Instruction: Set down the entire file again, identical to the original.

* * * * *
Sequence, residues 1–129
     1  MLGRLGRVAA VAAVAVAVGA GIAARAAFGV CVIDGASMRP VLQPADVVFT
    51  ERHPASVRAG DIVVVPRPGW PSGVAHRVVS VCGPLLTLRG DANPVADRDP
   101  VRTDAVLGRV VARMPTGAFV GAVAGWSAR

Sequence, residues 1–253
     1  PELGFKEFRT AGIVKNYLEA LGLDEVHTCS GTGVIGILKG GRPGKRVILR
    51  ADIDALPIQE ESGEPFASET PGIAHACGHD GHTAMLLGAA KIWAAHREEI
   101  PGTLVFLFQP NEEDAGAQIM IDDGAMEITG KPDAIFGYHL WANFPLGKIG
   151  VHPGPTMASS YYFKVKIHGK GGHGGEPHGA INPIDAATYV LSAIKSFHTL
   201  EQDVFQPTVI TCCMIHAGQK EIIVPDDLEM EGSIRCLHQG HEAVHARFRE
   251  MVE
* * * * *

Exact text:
Sequence, residues 1–129
     1  MLGRLGRVAA VAAVAVAVGA GIAARAAFGV CVIDGASMRP VLQPADVVFT
    51  ERHPASVRAG DIVVVPRPGW PSGVAHRVVS VCGPLLTLRG DANPVADRDP
   101  VRTDAVLGRV VARMPTGAFV GAVAGWSAR

Sequence, residues 1–253
     1  PELGFKEFRT AGIVKNYLEA LGLDEVHTCS GTGVIGILKG GRPGKRVILR
    51  ADIDALPIQE ESGEPFASET PGIAHACGHD GHTAMLLGAA KIWAAHREEI
   101  PGTLVFLFQP NEEDAGAQIM IDDGAMEITG KPDAIFGYHL WANFPLGKIG
   151  VHPGPTMASS YYFKVKIHGK GGHGGEPHGA INPIDAATYV LSAIKSFHTL
   201  EQDVFQPTVI TCCMIHAGQK EIIVPDDLEM EGSIRCLHQG HEAVHARFRE
   251  MVE